3 steps to take before creating a new donor recognition wall
When most university development executives and donors hear the term “donor wall,” it immediately calls to mind a list of engraved names etched on a wall plaque. This public recognition has been a universally accepted practice right up there with commemorative bricks, both of which served their purpose for the Baby Boomer generation. But, as new generations of donors consider their financial plans and an explosion of new technologies continue to evolve, it’s time to rethink what donor walls could be.
Many universities are upgrading their donor walls with digital interactive displays. All too often though, I’m seeing the seemingly limitless potential of this medium stocked with little more than biographies of key donors. We can do better.
I started thinking about this after visiting a prominent business school. In one of their main hallways, they installed a beautiful digital display recognizing their donors. After putting significant time and financial resources against this project, they were disappointed when it was regularly ignored by students. At this moment, I realized that if we want people to engage with a donor wall in any meaningful way, we need to provide content that is useful to its audience.
If you were an MBA student at this university, which display would you make time out of your day to stop at: one featuring a profile of a donor 40 years your senior or one that gives you stock updates, job openings at nearby corporations and networking opportunities with connected donors? I’m guessing the latter. Why? Because it’s useful to you. The process of matching content with audience needs is important even if students aren’t the intended target.
Now imagine this interactive wall featured a title across the top that read “Brought to you by [insert donor’s name here]”. The donor, in this case, gains a halo effect by being the conveyors of engaging information, further endearing users and driving interest in their personal story.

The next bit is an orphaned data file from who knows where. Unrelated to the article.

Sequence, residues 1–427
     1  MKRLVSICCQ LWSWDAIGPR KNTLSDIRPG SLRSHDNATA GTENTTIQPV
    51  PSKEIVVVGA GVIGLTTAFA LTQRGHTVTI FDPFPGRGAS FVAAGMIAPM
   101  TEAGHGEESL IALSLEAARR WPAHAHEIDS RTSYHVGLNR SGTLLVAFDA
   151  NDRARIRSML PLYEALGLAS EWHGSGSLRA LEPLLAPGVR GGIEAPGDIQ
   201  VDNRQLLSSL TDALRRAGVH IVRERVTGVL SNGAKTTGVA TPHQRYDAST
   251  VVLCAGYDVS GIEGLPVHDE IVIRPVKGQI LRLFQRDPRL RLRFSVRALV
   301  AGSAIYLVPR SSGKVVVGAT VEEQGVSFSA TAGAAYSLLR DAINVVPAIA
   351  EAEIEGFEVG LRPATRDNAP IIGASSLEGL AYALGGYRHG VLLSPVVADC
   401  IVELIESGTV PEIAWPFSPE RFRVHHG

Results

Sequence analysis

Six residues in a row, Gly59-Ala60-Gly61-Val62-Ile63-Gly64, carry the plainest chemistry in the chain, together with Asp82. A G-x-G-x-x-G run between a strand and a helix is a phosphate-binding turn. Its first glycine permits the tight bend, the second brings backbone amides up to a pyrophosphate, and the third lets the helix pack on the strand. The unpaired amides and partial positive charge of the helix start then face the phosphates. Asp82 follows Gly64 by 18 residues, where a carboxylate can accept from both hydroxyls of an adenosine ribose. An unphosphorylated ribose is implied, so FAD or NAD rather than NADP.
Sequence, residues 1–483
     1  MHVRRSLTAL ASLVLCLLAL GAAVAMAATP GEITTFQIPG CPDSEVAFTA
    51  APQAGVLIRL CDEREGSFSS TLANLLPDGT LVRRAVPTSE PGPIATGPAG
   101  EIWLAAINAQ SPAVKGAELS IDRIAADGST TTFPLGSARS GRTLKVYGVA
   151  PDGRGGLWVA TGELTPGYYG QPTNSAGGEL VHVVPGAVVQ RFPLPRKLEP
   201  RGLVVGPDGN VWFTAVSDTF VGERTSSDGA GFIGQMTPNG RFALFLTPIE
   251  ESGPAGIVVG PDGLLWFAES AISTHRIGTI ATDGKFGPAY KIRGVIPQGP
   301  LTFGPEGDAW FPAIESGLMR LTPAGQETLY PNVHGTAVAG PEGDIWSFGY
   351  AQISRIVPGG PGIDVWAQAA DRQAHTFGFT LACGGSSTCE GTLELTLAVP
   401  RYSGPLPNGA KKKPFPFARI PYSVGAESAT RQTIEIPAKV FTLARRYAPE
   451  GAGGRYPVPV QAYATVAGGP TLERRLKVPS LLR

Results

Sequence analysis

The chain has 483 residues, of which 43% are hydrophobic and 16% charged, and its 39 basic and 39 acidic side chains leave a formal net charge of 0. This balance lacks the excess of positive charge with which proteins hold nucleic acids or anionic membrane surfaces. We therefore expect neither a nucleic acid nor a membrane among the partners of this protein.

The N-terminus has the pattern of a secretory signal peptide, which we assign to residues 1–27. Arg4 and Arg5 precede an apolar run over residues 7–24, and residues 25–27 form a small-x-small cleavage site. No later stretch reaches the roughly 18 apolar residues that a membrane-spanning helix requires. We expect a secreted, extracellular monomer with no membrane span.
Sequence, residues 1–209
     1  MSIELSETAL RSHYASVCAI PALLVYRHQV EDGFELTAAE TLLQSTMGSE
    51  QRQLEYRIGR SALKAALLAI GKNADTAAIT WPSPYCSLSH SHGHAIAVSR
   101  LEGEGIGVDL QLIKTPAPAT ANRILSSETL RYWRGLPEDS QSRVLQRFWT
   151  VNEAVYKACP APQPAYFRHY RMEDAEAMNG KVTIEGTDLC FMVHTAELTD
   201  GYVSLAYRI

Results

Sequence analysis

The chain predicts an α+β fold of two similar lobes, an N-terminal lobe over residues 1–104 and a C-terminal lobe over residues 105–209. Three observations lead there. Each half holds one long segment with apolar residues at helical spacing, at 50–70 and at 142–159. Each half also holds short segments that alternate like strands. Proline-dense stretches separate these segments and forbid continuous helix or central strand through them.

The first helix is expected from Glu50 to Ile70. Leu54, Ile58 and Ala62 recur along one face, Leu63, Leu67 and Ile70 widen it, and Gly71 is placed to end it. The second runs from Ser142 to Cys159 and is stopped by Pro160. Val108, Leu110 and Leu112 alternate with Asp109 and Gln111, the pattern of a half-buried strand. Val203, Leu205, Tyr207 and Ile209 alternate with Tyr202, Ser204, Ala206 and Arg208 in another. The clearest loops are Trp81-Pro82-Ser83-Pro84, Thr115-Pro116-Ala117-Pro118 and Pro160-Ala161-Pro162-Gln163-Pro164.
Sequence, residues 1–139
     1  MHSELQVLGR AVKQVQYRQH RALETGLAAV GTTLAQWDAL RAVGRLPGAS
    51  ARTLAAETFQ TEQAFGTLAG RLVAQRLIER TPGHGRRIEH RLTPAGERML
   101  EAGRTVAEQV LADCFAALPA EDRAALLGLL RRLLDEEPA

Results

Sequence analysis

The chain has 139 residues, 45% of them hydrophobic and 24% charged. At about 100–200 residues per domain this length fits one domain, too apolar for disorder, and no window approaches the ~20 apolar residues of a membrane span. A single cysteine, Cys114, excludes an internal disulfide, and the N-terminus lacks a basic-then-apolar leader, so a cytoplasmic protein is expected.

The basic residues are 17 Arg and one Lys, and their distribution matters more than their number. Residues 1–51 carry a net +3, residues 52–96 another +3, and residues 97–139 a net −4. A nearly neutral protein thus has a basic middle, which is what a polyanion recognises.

If your university needs to create a more engaging way for your audience members to connect with your donor, the following steps will help set you and your team up for success.
#1 – Tailor the usefulness of your content to your audience
If you want your core audience to interact with the donor wall instead of routinely passing it by, you need to provide content that will be useful to them. If your audience is any of the following groups, here’s an idea at what might interest them:
- Prospects – Content geared at Gen-Z should be authentic, persuasive and customized. For instance, a donor wall integrated with a campus tour might present content featuring a recent graduate/current student who offers specific advice to the prospect. Information like “the top three things I wish I knew on my campus visit” is an inviting, informative and genuine way to show off the school’s culture.
- Current students – Imagine an interactive donor wall in your engineering school that shows students the real-world projects that recent graduates are producing in the field and giving them a way to connect to this potential mentor.
- Parents– More so than students, parents of undergraduates are concerned about job placement; this is the ROI for their son or daughter’s education. In an interactive wall geared toward parents, include messaging that shows how students took their education to work for successful companies.
#2 Create the most value for your donor
If your donor is one of the above groups, it may be helpful to understand how they want to be recognized based on generational differences in attitude.
Based on research from our friends at Frank Magid & Associates, the below is a simple framework outlining would most appeal to each generation:
- Millennials – Born between the years 1980 – 2000, your youngest graduates are motivated by the need to understand that their donation made a direct impact on a specific person. Do this by showcasing personal and customized stories on your interactive display.
- Generation X – Born between the years 1965 – 1984, Gen-Xers are driven by cynicism and a need to know that their gift is being used to create real results. Creating stories that highlight how their gift is delivering on that will be most impactful to them.
- Baby Boomers – Born between the years of 1946 – 1964, Boomers find value in external recognition, especially highlighting their name and accomplishments.
#3 – Track impact on your audience and donor
In order to prove your donor wall has impact on your desired audience, it’s important to clearly identify at the start what metrics you will use to measure success.
Will you track the number of people who use the wall, or perhaps even more specific – the most clicked on piece of content?
Do you measure anecdotal feedback from visitors who say they learned something new after stopping at the wall?
These metrics may be qualitative or quantitative, but either way they establish how to measure your success and can be useful information for your donor – and for you the next time you’re working on your next capital campaign.